Arthur and Jessie Howard: Our Flood
In December 1946, Arthur Howard built a canoe, one of many during his years at the Rudder Grange Boathouse in Alphington. Nearly sixty years later, in March 2005, a man contacted Arthur and said, “I have a canoe which my father bought from Rudder Grange a long time ago. Could you repair it?” Arthur said yes and now the canoe sits in his garage, just 50 metres from where it was built.
Arthur and his wife Jessie Howard have lived by the river at Alphington for more than fifty years. They have dozens of photos that record, especially, the popularity of canoeing in the 1940s and 1950s. Twelve years ago Jessie began writing down her stories of what is truly a by-gone era. Arthur walks along the Yarra River near his home once or twice a week. As he does the memories and stories come back. He points out a large concrete box, standing incongruously in the shady greenery about ten metres from the river bank. “That might have been the coolstore for Wilshire’s, which was a jazz venue down here in the 1920s and 1930s. There was also a café called the River Brynk Café.”
Passing underneath the Chandler Highway Bridge, Arthur points to the graffiti near the top of the high brick wall. “That’s how high the water got in the 1934 flood.”
In between the memories he identifies birds on the water or calling in the trees: tawny frogmouths, waterhens, bellbirds, wattle birds, Indian doves, ducks, rainbow lorikeets, kookaburras. His walk takes him to the remains of the Alphington Swimming Pool, which has been excavated and re-discovered over the past few years by the South Alphington and Fairfield Civic Association (SAFCA).
“I played here when I was a boy and last swam here in the 1940s. There were diving boards and a toddlers’ pool and change sheds. This pool and others like it along the Yarra were closed by the health authorities in the 1960s.”
Some of Arthur’s memories are re-told in a SAFCA booklet about the riverside pool. He talks about mud fights, peeping into the girls change rooms and being caught swimming nude during school hours.: “A Mrs Renn lived in a large house overlooking the pool. I learnt that she used to watch us with binoculars and then phone the headmaster and give a detailed description of who was there. I thought: You old battleaxe!’
Returning to his home Arthur passes young children playing by the river. “That’s what we used to do! As a youngster I loved being by running water. I’ve spent all my life on the river. It’s my tramping ground.”
Sitting at his dining table he says that while the water quality of the Yarra has improved there is more and more rubbish in the Yarra nowadays. “The rubbish is quite spectacular.” “That’s not the word I’d use,” Jessie replies, setting down a plate of apricot tarts. Jessie’s stories recount times of great fun, of romance, of tragedy and of a constant connection with the water flowing by their front door. Here she recounts the 1952 flood, when Arthur and Jessie were living in the Rudder Grange Boathouse.
OUR FLOOD. 1952
"I call it our flood because we were very much involved."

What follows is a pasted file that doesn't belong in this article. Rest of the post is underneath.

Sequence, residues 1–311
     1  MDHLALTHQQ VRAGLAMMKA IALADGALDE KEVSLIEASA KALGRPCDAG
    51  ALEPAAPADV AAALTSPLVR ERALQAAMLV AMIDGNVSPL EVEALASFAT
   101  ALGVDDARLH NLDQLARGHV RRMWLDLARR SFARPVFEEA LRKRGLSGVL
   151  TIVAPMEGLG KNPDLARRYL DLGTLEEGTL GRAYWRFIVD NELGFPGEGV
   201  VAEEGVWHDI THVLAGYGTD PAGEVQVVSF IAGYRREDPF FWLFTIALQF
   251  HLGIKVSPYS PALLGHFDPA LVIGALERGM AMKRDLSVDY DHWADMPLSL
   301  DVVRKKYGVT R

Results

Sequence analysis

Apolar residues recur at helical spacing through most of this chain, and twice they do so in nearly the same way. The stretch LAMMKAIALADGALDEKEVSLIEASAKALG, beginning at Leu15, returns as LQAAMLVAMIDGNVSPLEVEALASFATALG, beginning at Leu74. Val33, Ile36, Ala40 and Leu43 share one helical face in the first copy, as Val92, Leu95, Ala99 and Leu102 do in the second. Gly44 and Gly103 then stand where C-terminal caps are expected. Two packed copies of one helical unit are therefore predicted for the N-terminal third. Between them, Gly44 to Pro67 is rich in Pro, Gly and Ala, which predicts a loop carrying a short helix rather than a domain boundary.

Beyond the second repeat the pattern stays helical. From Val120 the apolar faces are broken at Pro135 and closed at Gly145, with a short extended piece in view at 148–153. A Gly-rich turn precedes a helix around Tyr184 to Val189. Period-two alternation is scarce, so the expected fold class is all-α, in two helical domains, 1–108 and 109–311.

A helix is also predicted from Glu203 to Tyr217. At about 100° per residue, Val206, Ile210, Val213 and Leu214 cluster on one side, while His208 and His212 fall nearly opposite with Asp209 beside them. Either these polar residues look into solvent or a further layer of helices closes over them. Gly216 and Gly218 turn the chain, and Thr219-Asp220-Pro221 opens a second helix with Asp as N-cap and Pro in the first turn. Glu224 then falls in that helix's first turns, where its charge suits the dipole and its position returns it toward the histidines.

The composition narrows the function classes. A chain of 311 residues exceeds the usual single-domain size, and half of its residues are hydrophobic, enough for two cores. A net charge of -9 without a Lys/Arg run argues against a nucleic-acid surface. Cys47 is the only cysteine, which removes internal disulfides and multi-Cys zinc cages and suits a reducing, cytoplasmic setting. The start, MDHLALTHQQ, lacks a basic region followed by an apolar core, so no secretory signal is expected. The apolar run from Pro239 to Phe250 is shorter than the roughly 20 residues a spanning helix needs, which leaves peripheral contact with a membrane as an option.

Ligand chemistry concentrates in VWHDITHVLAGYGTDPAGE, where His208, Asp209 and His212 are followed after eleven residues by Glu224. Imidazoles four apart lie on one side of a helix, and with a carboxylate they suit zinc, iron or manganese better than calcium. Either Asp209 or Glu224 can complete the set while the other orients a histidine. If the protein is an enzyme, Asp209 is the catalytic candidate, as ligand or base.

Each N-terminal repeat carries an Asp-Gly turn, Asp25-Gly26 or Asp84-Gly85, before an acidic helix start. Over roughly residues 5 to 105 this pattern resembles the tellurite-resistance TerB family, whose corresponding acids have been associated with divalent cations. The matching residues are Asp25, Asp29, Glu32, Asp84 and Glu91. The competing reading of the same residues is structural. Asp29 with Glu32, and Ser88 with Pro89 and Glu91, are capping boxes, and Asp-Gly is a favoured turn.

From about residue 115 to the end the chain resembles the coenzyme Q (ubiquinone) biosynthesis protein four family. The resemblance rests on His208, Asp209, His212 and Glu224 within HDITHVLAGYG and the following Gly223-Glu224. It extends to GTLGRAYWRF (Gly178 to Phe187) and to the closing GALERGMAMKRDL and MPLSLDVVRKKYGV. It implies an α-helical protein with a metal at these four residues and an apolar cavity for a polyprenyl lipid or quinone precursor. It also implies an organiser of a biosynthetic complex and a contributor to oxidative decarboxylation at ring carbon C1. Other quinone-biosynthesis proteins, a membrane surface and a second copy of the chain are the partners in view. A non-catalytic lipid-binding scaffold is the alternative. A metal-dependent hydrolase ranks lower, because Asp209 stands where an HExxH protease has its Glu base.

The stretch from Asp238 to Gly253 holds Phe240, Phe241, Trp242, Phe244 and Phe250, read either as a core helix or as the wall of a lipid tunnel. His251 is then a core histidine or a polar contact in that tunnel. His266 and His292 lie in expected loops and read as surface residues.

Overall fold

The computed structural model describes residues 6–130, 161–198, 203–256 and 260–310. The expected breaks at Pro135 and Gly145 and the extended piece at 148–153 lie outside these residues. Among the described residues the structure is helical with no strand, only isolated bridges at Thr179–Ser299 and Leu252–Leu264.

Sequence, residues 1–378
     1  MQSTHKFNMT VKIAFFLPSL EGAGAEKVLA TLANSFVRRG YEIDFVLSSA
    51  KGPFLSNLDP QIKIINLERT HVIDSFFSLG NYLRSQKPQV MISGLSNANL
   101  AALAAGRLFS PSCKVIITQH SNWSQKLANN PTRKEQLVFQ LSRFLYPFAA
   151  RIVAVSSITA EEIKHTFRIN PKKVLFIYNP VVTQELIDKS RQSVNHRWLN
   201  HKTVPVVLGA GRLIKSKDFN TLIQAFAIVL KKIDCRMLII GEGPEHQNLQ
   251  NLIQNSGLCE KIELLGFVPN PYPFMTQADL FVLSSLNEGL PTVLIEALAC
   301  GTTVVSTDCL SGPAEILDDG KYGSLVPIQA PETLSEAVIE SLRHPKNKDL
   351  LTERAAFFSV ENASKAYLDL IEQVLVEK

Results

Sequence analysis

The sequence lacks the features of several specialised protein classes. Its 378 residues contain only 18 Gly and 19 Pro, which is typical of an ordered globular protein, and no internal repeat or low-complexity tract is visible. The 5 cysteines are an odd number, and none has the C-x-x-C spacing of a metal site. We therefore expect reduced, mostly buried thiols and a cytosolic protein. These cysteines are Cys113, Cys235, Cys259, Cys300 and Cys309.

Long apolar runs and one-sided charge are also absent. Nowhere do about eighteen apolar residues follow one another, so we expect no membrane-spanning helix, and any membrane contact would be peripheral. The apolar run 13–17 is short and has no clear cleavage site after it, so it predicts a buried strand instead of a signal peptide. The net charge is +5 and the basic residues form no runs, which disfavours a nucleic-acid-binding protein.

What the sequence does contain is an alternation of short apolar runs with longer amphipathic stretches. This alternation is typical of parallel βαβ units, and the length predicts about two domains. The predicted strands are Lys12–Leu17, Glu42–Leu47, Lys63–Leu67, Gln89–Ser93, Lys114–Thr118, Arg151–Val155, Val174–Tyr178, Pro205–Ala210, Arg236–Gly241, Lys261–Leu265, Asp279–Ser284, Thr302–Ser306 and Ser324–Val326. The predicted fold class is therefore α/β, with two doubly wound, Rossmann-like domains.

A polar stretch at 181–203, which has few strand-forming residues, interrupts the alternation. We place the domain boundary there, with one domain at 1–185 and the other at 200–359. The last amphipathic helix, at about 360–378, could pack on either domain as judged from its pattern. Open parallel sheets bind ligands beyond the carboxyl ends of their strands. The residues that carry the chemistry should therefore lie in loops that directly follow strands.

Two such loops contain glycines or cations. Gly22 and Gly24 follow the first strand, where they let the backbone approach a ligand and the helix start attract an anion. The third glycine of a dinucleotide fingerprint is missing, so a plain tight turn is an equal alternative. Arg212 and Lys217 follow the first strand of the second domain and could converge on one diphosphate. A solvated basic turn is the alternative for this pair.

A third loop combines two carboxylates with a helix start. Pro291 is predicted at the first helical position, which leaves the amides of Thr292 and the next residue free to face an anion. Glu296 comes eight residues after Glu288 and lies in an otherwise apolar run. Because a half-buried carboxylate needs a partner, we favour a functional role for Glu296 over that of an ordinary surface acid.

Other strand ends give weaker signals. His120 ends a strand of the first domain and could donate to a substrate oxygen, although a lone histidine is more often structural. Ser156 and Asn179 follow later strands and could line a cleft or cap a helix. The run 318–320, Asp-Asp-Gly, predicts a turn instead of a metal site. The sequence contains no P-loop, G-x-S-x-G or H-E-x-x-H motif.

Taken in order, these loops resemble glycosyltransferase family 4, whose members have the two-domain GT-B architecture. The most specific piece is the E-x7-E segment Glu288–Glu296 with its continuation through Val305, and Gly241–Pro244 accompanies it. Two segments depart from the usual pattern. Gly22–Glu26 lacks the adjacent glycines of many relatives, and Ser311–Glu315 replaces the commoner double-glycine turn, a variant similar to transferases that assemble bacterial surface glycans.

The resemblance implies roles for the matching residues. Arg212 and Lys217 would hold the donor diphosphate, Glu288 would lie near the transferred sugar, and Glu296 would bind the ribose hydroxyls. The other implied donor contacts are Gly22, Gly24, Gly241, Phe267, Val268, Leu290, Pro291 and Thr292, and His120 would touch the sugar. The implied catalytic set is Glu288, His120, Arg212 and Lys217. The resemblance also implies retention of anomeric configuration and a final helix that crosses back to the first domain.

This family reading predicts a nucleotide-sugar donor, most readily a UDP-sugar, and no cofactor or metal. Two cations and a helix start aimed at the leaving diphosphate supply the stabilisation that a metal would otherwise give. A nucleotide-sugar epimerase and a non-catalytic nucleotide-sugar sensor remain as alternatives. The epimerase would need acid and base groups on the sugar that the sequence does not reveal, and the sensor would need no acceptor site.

The river was rising and markers were put out to see how fast it was coming up. You hope that you don’t have to move but it was rising at two feet an hour. Sixty centimetres an hour. It didn’t look like slowing down. A decision had to be made - Pull up the floor covering and take the furniture upstairs. We decided to get rid of the lounge suite that we bought for seven pounds. That’s $14 in today’s money.
It is a very strange feeling to be looking at the bare floorboards and seeing the water gradually creeping through the cracks, and then eventually covering the floor. It didn’t stop rising until we had about four feet in the house. One hundred and twenty centimetres. My marker was the doorhandle.
By then the lounge suite was swirling around and around. We opened the door and set it free to float down the river. We were not so environmentally conscious in those days.
Everything had to be moved out of the workshop: tools, timber and work in progress, which was paddles, butcher’s blocks, and canopies. Some big boats had to be floated out and tethered to trees.
All the small things were loaded into canoes and floated up with the rising water. Alphington Street was packed with canoes, pieces of furniture and spectators.
The canoe club boys stayed there night and day, to move things up higher and to protect the gear from light fingered onlookers. We stayed in the house.
At the end of the day Arthur paddled a canoe in to the stairway and came up to eat and sleep. I had rhubarb and ginger jam cut up and in the preserving pan when the water came in, so here I was making jam in the middle of all the excitement.
Our young daughter Esther thought it was very exciting. Arthur’s mum and her neighbour came down to have a look. They were standing out on the roadway and Esther called out from the window. ‘You can’t come in Grandma, the river’s in our lounge room.’
The boys from the canoe club were very familiar with our lounge suite: ‘Look there goes Arthur and Jess’s chairs.’
With that, they quickly got ropes and towed it back to us, which would have been a hard job against the current. Here it was sitting on our lawn. I could see by my doorknob that the river was going back where it belonged. When the water is out of your house it leaves a covering of fine mud on the walls and floor. The best way to get rid of it is to hose it out as the water is receding, then it’s a matter of drying out. The lounge suite served us well, we ended up burning it in the fireplace to hasten the drying of the walls and floor.
Story by Vin Maskell, 2005
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